A few months ago I decided to collaborate with my good friend (and crazy good artist) John Little on a graphic novel. He had already attempted to write the thing himself, but it didn’t turn out the way he wanted, so he offered me a chance to rewrite it. The book was The Salesman, and we used it as a base to create something totally new.
There’s this joke around my household that will apparently never get old. It goes something like this: “Hey, let’s order $150 of McDonald’s at 4 a.m. and eat all of it in one go.” The joke has many variations, such as, “Hey, let’s order literally all of the sausages in stock at Mars Food,” or, “Hey, let’s make seven boxes of Kraft dinner for two people, and let’s use all of Jon’s delicious cultured butter to make it.” What the punch line is, I’m not sure yet.
The story you are about to read is true. It occurred sometime in the early ‘90s in Sarnia, Ontario. It is based on an eyewitness account, namely my own. The facts have been casually corroborated where possible. Do not try this at home.
“Life is pain, highness. Anyone who says differently is selling something.”
– Man in Black, The Princess Bride
It was morning, and I should have been getting ready for class. I was a grade five-ish student at Cathcart Boulevard Public School, home of the Cougars, and it was a weekday, early, and I was in my bedroom and I should have been preparing to learn. Instead, I was thinking about pain.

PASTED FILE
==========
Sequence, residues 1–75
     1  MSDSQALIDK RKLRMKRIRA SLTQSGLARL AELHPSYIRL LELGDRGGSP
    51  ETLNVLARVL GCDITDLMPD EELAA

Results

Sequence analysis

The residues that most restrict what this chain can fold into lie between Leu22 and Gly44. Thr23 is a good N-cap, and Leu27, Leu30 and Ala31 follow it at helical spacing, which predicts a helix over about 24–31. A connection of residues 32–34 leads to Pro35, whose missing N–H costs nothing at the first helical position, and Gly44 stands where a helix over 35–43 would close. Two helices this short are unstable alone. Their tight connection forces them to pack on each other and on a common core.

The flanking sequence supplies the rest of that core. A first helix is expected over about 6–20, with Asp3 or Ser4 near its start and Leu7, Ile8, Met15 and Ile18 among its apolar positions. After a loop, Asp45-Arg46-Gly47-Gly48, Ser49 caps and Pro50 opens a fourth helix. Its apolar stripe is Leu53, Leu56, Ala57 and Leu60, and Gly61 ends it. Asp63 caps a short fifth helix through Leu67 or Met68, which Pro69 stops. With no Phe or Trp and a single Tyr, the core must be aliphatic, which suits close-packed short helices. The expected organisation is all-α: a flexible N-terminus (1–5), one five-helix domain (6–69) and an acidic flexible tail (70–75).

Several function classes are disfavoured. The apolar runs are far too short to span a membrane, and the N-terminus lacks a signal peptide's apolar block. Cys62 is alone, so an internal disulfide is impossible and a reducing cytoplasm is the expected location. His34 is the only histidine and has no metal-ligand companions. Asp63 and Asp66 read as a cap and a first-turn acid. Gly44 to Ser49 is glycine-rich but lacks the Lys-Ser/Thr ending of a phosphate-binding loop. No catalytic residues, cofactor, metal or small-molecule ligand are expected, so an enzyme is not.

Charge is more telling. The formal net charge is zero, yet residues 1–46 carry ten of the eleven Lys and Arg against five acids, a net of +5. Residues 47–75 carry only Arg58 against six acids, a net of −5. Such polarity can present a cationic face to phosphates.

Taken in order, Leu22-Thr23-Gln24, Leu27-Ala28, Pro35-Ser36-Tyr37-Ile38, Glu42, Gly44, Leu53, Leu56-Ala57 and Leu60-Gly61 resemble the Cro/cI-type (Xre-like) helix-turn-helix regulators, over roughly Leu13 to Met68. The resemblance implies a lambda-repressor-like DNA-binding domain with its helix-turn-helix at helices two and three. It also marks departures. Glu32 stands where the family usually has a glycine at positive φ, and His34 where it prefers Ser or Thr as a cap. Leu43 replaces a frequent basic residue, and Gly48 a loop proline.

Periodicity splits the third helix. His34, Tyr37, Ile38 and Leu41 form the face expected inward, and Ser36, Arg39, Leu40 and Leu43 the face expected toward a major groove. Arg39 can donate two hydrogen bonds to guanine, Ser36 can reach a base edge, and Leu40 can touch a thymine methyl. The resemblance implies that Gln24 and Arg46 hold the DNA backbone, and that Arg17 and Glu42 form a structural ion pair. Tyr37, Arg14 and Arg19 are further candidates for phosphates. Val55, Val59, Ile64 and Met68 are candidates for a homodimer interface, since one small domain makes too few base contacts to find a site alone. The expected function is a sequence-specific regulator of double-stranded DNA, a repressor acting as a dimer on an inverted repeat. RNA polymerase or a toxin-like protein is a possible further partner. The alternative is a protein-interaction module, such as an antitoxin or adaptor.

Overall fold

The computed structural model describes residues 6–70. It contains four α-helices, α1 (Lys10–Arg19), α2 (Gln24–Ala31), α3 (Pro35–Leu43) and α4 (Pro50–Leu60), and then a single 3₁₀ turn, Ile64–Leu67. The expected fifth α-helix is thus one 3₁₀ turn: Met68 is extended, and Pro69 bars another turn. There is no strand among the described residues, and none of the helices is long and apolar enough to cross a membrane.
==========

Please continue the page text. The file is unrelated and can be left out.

There are a few plants scattered about my house. These include but are not limited to a ficus elastica; a Guiana chestnut; a seven-year-old peyote cactus that will one day take me on an intergalactic journey; and a hoya. This month the hoya became my favourite.
I have a new roommate named Ryan. Before he was my roommate, he was in New York City attending drama school at The Actors Studio. He lasted one semester before spending all of his money. I’ve known Ryan for a long time, so when I found out he was coming back to Toronto, and that he was likely destitute, I offered him a buddy rate for the spare room at my apartment.
Earlier this month Toronto Life asked me to look into what is happening with the upcoming restaurant at 785 Queen West. It seemed like an easy enough assignment, since that is what I do with a lot of my time — I find out about upcoming restaurants. This one was weird, though. Over the past few months, the restaurant has changed concepts a bunch of times. The website is impossible to take seriously. It is clearly a joke or a bizarre marketing ploy.
The moral of this story is that Coca-Cola makes a great marinade for kalbi (Korean short ribs). I am revealing this right off the bat because, well, I’m a nice guy. But I have other stuff to say, too. I prefer to use Coca-Cola made with real cane sugar, which isn’t so easy to find in Canada. Most of the cola here is made with glucose-fructose, also known as high fructose corn syrup. I hear that corn syrup isn’t as good as real sugar.
The first time I went to Hapa Izakaya, I hated it. It was a while ago, so I don’t remember too much about the whole experience, but I do recall fried rice filled with what was supposed to be chicken, but was actually just chicken gristle. When the meal was over, I swore I’d never go back, even though the restaurant is right across the street from me.